OER use by commercial publishers

I just read a very interesting article from “Inside Higher Ed” on the recent upsurge in use of OER by commercial publishers. It’s also the topic of a new guide by longtime OER advocates ISKME, titled “Toward a Sustainable OER Ecosystem: The Case for OER Stewardship“.
By open licensing their creations, OER authors (mostly — see this discussion of the “Noncommercial” Creative Commons feature) leave the door open to commercial use of that resource that the authors clearly intended to be used for free by faculty and students. Commercial use would seem to contradict that intention. The authors of the new ISKME guide began the work of clarifying when commercial use would seem to be in accord with the author’s intentions (such as creation of an online homework system based on and in support of the open licensed content), and when that use would tend to be in bad faith. Take a look at the guide and please comment your thoughts on this important issue.

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2 thoughts on “OER use by commercial publishers

  1. Several years ago, there was a book by Chris Anderson about the concept of free as a pricing strategy, for freeware software for example. (The audiobook is still available, free, as I write this at https://www.wired.com/2009/06/mf-freer/ .) I read this book about the time I started exploring OER, so I have always accepted that there would be some ambiguity about how free educational materials would work. I think it is normal for some companies to use free materials combined with some value-added changes, such as on-line supplements, to create commercial products. This was the original model of FlatWorld publishing when David Wiley founded it. It let users read textbooks on-line for free and hoped to make money for printed copies and supplements. Many OER textbooks were created through this company, though they have changed their business model in the last few years.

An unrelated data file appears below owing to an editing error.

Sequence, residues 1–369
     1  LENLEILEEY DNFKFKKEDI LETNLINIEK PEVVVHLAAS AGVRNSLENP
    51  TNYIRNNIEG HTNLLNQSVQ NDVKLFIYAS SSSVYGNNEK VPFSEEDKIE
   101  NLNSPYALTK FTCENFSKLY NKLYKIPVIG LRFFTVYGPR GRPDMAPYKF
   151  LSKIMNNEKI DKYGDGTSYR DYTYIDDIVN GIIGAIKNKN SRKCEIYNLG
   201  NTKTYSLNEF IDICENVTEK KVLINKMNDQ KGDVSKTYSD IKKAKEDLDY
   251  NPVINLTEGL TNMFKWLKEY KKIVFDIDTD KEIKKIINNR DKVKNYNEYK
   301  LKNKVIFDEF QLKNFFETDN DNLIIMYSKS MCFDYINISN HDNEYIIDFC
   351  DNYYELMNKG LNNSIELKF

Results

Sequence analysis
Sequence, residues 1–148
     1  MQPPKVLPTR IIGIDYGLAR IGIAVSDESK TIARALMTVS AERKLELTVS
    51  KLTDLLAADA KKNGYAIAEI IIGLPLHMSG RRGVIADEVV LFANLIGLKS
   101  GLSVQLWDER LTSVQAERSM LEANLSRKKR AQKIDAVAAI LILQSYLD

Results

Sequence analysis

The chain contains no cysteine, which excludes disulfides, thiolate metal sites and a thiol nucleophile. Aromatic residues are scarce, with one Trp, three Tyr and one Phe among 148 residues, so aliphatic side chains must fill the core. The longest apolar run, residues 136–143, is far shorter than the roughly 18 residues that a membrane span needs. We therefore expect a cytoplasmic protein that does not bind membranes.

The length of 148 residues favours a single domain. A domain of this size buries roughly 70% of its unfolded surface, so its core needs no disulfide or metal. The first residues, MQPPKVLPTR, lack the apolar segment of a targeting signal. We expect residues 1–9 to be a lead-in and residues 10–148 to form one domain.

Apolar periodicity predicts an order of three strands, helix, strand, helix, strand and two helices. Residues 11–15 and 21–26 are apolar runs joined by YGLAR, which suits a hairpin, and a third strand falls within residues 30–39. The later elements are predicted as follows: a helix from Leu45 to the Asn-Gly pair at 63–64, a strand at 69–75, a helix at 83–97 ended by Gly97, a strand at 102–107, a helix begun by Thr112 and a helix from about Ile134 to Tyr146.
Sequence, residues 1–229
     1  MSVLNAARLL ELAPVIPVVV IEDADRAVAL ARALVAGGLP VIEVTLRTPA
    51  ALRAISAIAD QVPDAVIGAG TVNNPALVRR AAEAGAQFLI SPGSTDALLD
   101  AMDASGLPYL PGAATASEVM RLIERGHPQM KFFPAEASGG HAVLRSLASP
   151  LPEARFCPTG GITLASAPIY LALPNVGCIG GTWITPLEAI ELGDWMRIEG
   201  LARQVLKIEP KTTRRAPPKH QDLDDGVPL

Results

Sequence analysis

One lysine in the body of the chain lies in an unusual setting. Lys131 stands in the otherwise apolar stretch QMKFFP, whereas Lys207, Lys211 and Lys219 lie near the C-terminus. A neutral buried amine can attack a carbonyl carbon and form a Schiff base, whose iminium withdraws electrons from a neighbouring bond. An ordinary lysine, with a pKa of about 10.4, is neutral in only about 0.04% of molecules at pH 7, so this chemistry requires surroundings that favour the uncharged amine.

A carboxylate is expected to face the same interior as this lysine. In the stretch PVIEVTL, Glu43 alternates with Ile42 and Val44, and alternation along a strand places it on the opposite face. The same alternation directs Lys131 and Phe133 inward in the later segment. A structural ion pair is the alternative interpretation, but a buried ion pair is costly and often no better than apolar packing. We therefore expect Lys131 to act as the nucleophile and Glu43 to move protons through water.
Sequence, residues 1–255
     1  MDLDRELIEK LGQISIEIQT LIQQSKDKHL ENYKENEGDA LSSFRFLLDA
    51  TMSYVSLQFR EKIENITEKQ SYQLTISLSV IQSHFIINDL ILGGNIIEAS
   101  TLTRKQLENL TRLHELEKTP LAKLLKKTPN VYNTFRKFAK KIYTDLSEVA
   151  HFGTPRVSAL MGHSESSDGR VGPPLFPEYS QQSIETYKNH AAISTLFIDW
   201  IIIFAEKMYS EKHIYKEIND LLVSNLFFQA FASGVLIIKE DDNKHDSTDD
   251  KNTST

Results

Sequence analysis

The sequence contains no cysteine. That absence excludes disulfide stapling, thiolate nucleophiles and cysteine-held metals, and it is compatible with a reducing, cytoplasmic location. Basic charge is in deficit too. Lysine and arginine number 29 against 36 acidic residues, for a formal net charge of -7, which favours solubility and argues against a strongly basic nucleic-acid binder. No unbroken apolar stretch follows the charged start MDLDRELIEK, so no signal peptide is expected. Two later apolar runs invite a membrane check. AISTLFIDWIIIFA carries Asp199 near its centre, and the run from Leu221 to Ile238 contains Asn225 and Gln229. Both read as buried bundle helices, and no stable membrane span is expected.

It was interesting to read some commentors on a couple of articles you cite, recommending the use of GNU Copyleft licensing, which is more absolute — free is free, never for profit. I think the Copyleft approach works for software when lots of programmers pitch in to create and support software, but educational material needs more help to be sustainable. I am very concerned about the future of the textbook I am using, for example. Unless it gets significant revisions, it will probably only be useful for a couple more years. The communication discipline is dynamic field, so the content will need updating. Also, many examples in the book based on current events are aging quickly.

    The CARE guidelines look like a good attempt to determine when it is acceptable for companies to produce for-profit materials based on open materials. The really important part the CARE model to me is the “R” (release). For OER to be sustainable profit-making companies need to give back, through releasing additional OER or revisions that help extend the usable life of existing works. I think commercial textbook companies who use existing OER without giving back constitutes a parasitic relationship, and that would be dangerous to the already uncertain future of many OER textbooks.

    • Yes, I think it’s just too easy to state that cost is bad and free is good. It’s interesting to see how the idea of “free” means different things in different contexts too.

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